Providing malaria treatment once a term to Kenyan pupils offers important benefits according to this headline: “Malaria prevention in schools reduces anaemia and improves educational potential in Kenyan school children.” In fact lower rates of anemia and improved classroom attention were achieved. Children do not have to be observably sick from malaria to be affected by the disease – the prevalence of P. falciparum was around 40% in these children at baseline.
The study which is fully described in The Lancet, was “A stratified, cluster-randomised, double-blind, placebo-controlled trial of IPT in 30 primary schools in western Kenya. Schools were randomly assigned to treatment (sulfadoxine-pyrimethamine [SP] in combination with amodiaquine or dual placebo) by use of a computer-generated list. Children aged 5â€“18 years received three treatments at 4-month intervals (IPT n=3535, placebo n=3223). The primary endpoint was the prevalence of anaemia, defined as a haemoglobin concentration below 110 g/L. This outcome was assessed through cross-sectional surveys 12 months post-intervention.”
Here is an example where Millennium Development Goals for health and education goals can be achieved through a common intervention.
Of course the benefits of a school-based health program are based on the levels of school attendance, and as reported, “School-age children represent 26% of Africa’s population where 94% of children go to school.”Â It should be stressed that this figure is for primary school students.
Interestingly the average age of the study pupils was almost 14 years, likely reflecting late start for education possibly due to family financial problems. The implication for community level malaria control is that there may be a large number of 5-8 year old children who are not yet in school, but are hopefully protected by ITNs at home.
While WHO’s Global Malaria Program (GMP) acknowledges the existence of a now quite extensive body of research on intermittent preventive treatment for infants, it has yet to endorse the practice. The fact that the current study on school children was “funded by the Gates Malaria Partnership which is supported by a grant from the Bill & Melinda Gates Foundation (with) additional funding … provided by the Norwegian Education Trust Fund and multi-donor Education Development Programme Fund of the World Bank; DBL Centre for Health Research and Development; and the Wellcome Trust,” is unlikely to sway opinion at GMP, which has been critical of Gates’ involvement in malaria control and research.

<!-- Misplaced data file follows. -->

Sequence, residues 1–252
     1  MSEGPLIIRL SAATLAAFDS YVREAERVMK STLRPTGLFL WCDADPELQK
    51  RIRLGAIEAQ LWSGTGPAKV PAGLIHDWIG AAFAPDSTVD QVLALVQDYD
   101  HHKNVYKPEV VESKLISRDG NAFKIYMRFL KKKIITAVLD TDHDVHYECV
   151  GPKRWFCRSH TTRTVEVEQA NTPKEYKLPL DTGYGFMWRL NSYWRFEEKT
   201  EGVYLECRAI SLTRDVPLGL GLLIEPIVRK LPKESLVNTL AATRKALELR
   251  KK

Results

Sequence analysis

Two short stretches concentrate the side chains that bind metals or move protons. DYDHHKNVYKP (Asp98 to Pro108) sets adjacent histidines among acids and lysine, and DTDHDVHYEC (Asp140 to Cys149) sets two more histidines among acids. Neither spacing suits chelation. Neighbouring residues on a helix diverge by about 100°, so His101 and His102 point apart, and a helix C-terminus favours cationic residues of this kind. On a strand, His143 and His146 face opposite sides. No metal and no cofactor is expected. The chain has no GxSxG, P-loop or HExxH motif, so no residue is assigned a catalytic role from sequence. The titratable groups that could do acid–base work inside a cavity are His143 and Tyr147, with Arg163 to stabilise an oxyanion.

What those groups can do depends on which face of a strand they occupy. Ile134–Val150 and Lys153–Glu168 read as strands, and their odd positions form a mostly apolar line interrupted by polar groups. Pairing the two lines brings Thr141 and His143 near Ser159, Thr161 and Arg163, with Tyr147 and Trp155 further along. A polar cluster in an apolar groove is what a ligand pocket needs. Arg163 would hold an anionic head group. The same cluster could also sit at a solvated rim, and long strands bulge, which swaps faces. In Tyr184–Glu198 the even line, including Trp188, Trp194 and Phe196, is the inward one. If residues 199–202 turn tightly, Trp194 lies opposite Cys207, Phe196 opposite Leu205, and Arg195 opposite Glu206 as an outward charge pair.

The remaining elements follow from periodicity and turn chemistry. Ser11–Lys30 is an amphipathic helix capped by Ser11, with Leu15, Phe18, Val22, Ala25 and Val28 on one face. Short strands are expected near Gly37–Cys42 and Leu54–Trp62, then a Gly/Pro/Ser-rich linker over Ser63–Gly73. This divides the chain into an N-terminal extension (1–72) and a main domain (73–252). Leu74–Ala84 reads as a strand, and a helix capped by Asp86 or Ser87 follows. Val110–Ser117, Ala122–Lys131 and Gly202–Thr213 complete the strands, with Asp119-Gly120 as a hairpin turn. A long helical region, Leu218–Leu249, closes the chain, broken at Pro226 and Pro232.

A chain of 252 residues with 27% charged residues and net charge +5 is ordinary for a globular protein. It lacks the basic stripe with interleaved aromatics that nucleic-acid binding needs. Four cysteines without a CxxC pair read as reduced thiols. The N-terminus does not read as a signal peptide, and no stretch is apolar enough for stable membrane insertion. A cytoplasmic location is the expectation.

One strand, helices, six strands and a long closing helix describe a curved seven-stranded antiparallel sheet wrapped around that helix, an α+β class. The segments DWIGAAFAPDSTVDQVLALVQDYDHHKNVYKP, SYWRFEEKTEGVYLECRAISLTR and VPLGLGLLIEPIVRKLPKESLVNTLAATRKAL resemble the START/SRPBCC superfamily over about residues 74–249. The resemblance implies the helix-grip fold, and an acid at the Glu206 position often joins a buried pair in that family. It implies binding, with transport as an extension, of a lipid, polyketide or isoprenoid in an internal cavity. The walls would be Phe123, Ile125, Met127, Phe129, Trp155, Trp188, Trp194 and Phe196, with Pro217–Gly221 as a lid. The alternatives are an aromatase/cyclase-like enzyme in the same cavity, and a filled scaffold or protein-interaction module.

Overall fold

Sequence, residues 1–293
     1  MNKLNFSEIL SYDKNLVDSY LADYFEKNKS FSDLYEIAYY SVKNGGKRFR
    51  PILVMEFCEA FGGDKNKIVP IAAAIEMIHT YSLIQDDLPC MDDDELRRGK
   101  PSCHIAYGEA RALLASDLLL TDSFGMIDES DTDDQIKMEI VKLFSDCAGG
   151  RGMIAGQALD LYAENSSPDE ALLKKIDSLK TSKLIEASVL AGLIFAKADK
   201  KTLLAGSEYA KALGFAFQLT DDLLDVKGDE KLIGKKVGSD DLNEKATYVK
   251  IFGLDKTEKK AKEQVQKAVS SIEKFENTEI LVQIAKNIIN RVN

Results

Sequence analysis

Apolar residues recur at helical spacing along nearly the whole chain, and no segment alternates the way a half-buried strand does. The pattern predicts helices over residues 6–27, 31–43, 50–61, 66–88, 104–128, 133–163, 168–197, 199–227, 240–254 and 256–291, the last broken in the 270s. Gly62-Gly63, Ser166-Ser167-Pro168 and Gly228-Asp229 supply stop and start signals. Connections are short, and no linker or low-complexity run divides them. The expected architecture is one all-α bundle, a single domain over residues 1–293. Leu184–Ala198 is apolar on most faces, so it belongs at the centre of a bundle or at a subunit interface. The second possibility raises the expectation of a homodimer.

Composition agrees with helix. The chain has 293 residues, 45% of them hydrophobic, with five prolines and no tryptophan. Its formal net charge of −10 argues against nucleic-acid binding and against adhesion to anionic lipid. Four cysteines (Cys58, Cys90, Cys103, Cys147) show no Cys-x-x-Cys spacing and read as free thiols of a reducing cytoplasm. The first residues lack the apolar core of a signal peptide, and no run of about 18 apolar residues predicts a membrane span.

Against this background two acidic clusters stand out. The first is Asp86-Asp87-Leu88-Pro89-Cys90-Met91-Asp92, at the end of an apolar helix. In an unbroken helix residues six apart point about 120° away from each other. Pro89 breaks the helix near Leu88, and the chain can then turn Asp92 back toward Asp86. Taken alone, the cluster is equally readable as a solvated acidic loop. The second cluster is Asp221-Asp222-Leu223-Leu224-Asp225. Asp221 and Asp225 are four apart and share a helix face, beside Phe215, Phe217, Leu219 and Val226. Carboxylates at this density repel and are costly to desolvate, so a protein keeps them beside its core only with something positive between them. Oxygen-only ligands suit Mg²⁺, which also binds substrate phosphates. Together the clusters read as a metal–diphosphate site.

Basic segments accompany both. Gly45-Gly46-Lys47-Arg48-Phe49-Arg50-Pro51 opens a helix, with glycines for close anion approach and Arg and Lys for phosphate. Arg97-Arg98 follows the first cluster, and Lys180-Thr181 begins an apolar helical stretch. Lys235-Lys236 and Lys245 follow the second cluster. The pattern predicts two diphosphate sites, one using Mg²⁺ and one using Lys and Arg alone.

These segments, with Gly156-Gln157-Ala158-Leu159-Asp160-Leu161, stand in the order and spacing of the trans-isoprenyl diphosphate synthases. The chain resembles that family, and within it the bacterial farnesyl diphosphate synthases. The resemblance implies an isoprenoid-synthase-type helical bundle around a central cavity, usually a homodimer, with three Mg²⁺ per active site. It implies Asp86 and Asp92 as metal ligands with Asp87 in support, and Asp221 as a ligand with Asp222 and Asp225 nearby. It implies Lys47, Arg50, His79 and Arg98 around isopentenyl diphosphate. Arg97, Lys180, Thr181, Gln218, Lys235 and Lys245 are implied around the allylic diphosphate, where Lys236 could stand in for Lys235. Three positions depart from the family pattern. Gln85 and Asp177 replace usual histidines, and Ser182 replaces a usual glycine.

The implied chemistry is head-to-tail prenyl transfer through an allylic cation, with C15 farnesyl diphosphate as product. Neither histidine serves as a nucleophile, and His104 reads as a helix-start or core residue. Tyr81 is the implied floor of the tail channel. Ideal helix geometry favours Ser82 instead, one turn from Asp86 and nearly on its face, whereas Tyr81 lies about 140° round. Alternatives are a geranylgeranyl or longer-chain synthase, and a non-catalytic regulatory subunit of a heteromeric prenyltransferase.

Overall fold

While some may question the use of SP as part of the IPT regimen for these children, the overall concept of IPT for primary school pupils is valuable. One cannot assume that because they don’t look sick that these children are in fact healthy and are not part of the malaria transmission process – it would be a mistake to neglect school children. Partners need to work together to increase available interventions that can reach this group so that endemic countries will ultimately benefit not only from their improved educational attainments, but also from their enhanced economic potential as adults.